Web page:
Things that I Learned this Week

  • That Whole Foods is the Tiffany's of vegetables. Maybe I'm the last one to realize, but, wow, their produce is expensive. Has it been making an inverse increase in relation to failures of sub-prime mortgages?
  • I tried to make it out of the store with just the ingredients for a pasta dish from The Greens Cookbook: French lentils, red or green chard, carrots, celery, leek (why do recipes call for the white parts only? no, I refuse to make vegetable stock, and need to find another use for the green parts - maybe roasted?), and buckwheat or soba noodles. But the guilt, the sticker shock. Yes, organic. Yes, beautiful and tasty. But who can afford cauliflower at $2.99 a pound or buckwheat pasta at $3.99 a package? I had a momentary and quickly-squelched thought that maybe Walmart could do organic better. Then I came back to my senses and tried to remember the cost of taking a share in Angelic Organics, then tried to amortize the price per week as I drove from Whole Foods to Nature's Best.
  • Much better. No need to describe this great little grocery store again, except to say that the prices were within reach of the average shopper and the quality just as pretty as Whole Foods. And I love a store where I can't read the ingredients on at least half the packaging: it's a little United Nations of food.
  • You need long, uninterrupted, quietisish blocks of time to read Jane Austen. Especially Persuasion, which has snarky moments about Anne Eliot's family right up against great, restrained, nuanced scenes of love renewing, and it's tough to get her funny, observational, sarcastic tone in a few sentences, and these books are made for lying on the couch, in front of the fire, in the winter. On to Mansfield Park next. And I happened to wander into a screening of The Jane Austen Book Club last week, and I liked it, especially the bike-riding, independently wealthy, scruffy, only-guy-in-the-group, who decorates his house as a haunted house to host the meeting on Northanger Abbey.
  • Navel oranges are better than tangerines.
  • A great latte with lots of foam is better in a big china cup, almost a bowl, than a paper or Styrofoam cup. Especially with an almond croissant.
  • I can knit all the pieces of a sweater - except the back - on the right size knitting needle to get gauge (which is a tough word to spell, too). Especially the upper back, where I somehow seem to pull the yarn tighter and tighter with each row. What does this mean?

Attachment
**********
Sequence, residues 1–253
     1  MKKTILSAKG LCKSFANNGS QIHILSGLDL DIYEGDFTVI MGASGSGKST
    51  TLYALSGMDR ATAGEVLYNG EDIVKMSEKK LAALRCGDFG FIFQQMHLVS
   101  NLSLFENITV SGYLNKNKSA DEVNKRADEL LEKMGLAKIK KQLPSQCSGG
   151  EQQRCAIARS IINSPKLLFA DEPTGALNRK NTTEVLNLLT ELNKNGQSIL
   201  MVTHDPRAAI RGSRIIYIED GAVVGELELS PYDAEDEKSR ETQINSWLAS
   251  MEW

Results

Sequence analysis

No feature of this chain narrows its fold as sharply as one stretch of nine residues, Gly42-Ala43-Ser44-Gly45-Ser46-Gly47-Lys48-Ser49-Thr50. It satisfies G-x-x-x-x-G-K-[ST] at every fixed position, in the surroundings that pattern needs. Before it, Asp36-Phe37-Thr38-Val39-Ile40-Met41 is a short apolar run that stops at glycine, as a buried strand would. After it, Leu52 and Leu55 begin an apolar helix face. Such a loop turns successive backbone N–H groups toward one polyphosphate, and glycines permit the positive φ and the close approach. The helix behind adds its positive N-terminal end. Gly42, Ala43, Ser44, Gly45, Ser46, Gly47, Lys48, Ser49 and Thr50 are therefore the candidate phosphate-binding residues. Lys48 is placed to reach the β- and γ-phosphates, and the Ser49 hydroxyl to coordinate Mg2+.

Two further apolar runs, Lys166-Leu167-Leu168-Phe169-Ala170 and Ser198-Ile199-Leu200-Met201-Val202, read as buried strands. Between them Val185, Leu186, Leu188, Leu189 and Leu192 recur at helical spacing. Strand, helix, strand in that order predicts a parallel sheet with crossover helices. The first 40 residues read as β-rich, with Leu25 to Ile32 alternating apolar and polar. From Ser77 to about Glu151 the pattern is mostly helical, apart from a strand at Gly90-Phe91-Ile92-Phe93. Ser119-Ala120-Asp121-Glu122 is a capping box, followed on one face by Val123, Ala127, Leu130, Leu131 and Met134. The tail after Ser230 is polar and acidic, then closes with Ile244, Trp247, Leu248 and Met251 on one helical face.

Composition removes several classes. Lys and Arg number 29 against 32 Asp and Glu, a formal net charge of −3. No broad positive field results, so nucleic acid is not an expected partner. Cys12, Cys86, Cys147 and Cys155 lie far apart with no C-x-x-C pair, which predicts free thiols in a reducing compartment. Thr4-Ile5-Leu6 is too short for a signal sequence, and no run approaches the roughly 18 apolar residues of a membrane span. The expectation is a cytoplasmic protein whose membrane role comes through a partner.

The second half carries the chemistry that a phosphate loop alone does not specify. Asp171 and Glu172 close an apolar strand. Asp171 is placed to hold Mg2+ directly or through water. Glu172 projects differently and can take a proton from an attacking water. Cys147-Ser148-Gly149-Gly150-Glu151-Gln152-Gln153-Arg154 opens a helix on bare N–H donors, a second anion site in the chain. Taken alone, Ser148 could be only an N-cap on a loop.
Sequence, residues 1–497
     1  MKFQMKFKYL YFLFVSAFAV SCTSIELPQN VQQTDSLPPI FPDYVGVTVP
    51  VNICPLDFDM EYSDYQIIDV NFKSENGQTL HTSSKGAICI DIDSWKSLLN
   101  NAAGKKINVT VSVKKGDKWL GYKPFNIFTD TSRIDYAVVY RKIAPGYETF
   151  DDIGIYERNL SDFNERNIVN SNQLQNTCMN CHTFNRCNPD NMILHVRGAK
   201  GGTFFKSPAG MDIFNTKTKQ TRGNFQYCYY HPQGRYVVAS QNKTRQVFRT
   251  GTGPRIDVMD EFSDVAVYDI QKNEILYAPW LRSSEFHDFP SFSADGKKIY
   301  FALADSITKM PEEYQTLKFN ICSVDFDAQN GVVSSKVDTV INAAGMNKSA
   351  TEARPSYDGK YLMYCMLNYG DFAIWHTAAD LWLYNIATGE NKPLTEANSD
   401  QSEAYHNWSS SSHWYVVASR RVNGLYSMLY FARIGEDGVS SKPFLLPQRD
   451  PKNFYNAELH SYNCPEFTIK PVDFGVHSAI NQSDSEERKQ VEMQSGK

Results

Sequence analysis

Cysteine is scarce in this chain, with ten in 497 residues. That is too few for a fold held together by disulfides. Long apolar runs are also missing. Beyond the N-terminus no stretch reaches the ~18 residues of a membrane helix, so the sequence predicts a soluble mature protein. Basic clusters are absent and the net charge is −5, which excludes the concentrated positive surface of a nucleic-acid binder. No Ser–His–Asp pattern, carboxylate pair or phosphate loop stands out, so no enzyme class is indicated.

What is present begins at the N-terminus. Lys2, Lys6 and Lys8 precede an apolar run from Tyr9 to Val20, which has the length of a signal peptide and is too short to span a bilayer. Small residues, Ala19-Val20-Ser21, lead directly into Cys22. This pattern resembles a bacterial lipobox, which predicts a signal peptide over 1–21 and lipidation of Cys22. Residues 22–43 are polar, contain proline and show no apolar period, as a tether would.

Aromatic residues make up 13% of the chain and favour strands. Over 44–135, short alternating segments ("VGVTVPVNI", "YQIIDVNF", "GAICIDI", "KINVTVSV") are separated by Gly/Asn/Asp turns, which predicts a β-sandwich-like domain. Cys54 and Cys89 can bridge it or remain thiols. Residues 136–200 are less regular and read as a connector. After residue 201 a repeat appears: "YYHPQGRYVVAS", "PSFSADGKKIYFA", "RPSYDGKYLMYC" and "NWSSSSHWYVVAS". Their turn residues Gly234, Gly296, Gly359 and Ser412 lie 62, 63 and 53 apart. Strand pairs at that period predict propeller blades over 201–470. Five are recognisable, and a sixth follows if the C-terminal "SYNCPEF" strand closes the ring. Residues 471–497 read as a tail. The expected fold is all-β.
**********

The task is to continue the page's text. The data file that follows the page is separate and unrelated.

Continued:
• I have an unusually low voice for a woman when chanting Sanskrit, which is odd, because my speaking voice is in an average range. And my teacher has a higher range than is usual for a man chanting. It's the Goldilocks Principle of Chanting at work: this makes us just right as chanting partners. And I reviewed my notes from sutra class with my mentor, and I'm starting to get this Sanskrit stuff down.
  • Carrie Ann and Bruno are just a bit scary on Dance Wars, and there's no one left in the finals to The Amazing Race that I really want to see win. Could we vote Kynt and Vixen back in?


FairyGodKnitter said…
Whole Foods, I'm glad we don't have them here. way too expensive. Jane Austen, yes, very long stretches of quiet time. I love Mansfield Park.
And I love Navel Oranges and anything almond and is it the shaping with the sleeve backs? I taped the dance show but I think they should get rid of the ones on Amazing Race and have Kynt & Vixen and TK & Rachel compete for the win.
And thank you for the package, it was forwarded to me today from the old address and I'm going to go run a warm tub and start the book.
I'll be in touch soon.
Hannah said…
You need a co-op! (I don't actually know that the produce at the nearest co-op to me is any cheaper, but the warm-and-fuzzy feelings help dull the pain.

(Meanwhile, I've discovered the best place to buy meat this side of the Charles. I am in love.

(And! That scuzzy grocery store down the street from my place? Is apparently where Julia Child used to shop.)